ALBUM REVIEW: Numbra by Flatwaves

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WRITTEN BY: Lindsey Hernandez

It’s impossible not to notice the recent revival of underground music in Philadelphia. New bands are popping up every weekend, and it’s creating more pressure than ever to stand out. Flatwaves, signed to Philly-grown Abandon Everything Records, has created their niche. They describe themselves as “garagegaze” which is a unique hybrid of reverb-heavy shoegaze with a psychedelic flare. Leading up to Numbra, their debut album, Flatwaves released three tracks off the record: “Swerve,” “The Sting,” and “Run.” These singles establish a larger-than-life sound and showcase a distinctive comfort in their niche compared to the 2019 EP Listless. Built on the backs of classic bands like my bloody valentine and Swervedriver, Flatwaves refreshes their style with a western influence that makes this album feel fit for Burning Man. 

The opening track “Salad Season” starts by building tension with a commanding riff that floods into a smoother harmony of vocals. They twist a shoegaze staple of echoing vocals to feel as if vultures are circling overhead on a desert afternoon. A similar tone shines through the next three songs which were previously released. “Swerve,” “The Sting,” and “Run” are packed with hypnotic hooks and choruses designed to spin you through the album. Flatwaves made it clear they want these singles to define their style. The first half of the album is structured as an introduction to pull in first-time listeners before the more explorative final five tracks.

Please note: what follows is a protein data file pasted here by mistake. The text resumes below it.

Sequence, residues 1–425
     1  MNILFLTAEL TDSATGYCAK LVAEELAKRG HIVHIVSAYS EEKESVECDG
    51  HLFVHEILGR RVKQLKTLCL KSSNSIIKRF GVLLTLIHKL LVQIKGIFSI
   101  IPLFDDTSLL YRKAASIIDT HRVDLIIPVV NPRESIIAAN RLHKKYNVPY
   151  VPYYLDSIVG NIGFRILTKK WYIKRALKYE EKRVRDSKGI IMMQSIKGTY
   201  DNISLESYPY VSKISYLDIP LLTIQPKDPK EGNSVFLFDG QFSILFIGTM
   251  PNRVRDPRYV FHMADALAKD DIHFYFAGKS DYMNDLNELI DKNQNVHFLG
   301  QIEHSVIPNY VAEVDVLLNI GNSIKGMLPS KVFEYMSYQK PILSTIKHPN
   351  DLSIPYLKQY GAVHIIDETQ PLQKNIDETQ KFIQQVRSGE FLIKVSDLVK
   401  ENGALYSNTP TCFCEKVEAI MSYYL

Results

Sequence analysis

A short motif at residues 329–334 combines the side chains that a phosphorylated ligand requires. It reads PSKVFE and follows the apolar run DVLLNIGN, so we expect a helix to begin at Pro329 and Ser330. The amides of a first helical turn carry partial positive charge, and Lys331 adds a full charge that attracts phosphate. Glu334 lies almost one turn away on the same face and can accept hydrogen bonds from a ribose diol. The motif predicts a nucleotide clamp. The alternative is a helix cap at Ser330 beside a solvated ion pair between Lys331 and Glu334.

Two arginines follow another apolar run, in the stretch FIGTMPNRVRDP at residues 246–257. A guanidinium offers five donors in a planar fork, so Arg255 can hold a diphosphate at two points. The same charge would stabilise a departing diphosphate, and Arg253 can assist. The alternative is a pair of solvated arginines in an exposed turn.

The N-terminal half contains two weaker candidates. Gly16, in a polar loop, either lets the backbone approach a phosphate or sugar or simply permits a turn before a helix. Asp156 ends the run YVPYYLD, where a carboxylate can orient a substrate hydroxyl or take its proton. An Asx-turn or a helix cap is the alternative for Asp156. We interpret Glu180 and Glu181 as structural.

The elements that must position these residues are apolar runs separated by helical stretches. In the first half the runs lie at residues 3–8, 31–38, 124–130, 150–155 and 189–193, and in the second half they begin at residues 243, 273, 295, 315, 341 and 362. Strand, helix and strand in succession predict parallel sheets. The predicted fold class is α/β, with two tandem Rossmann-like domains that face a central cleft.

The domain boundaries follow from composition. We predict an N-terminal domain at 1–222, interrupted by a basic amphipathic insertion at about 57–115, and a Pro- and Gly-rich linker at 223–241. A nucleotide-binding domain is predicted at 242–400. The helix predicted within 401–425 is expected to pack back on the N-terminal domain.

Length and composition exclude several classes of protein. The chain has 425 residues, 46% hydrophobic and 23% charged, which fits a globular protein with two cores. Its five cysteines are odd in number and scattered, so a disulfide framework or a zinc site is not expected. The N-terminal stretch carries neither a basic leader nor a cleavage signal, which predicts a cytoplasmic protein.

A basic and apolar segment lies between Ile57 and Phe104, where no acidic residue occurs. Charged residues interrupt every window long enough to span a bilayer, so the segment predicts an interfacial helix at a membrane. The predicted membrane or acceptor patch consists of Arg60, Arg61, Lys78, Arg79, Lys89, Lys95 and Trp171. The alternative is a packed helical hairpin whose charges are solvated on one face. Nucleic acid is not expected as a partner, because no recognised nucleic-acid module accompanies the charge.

The shortest track, “Mothman”, brings a driving beat that serves as an interlude to the second half of the album. Chanting beats throughout the song create suspense and lure listeners into the final few tracks. Riding off the anticipation built in “Mothman,” “Deadleg” is noticeably more grueling than the rest of the album. It showcases a turmoil of angst that manifests as growling vocals and a pounding beat. It’s undoubtedly intense and features a heavy punk influence that stretches itself from the rest of the record. This theme is carried throughout the next two tracks, “Spire” and “Lowtide,” which have a more distinguishable grunge style. “Cygnus” is an ode to the stars with quavering vocals fit for a slow dance. Pleading lyrics sway the band back and forth into a more polished melody. The typical distortion is noticeably toned down, which the band uses to let their pure talent shine and flex their musical range. Flatwaves closes the album by putting everything on the table with “Floating Light,” which leaves the audience with a lasting impression of their carefully crafted psychedelic wasteland. 

Flatwaves is definitely going to rock the tide in Philly with this album. There’s a slow, hazy undertone throughout all the songs which will make it popular among fans of DIIV. The entire album showcases a cohesive style but allows for each track to stand out. Overall, the record maintains a really skilled level of production for a diy-esque scene and sets the stakes for a debut album even higher. Despite the overcrowding, Flatwaves manages to stand out from the pack with the release of Numbra.

Photo via Abandon Everything Records

*You can catch Flatwaves at the Numbra record release show on 10/27 at Ortlieb’s


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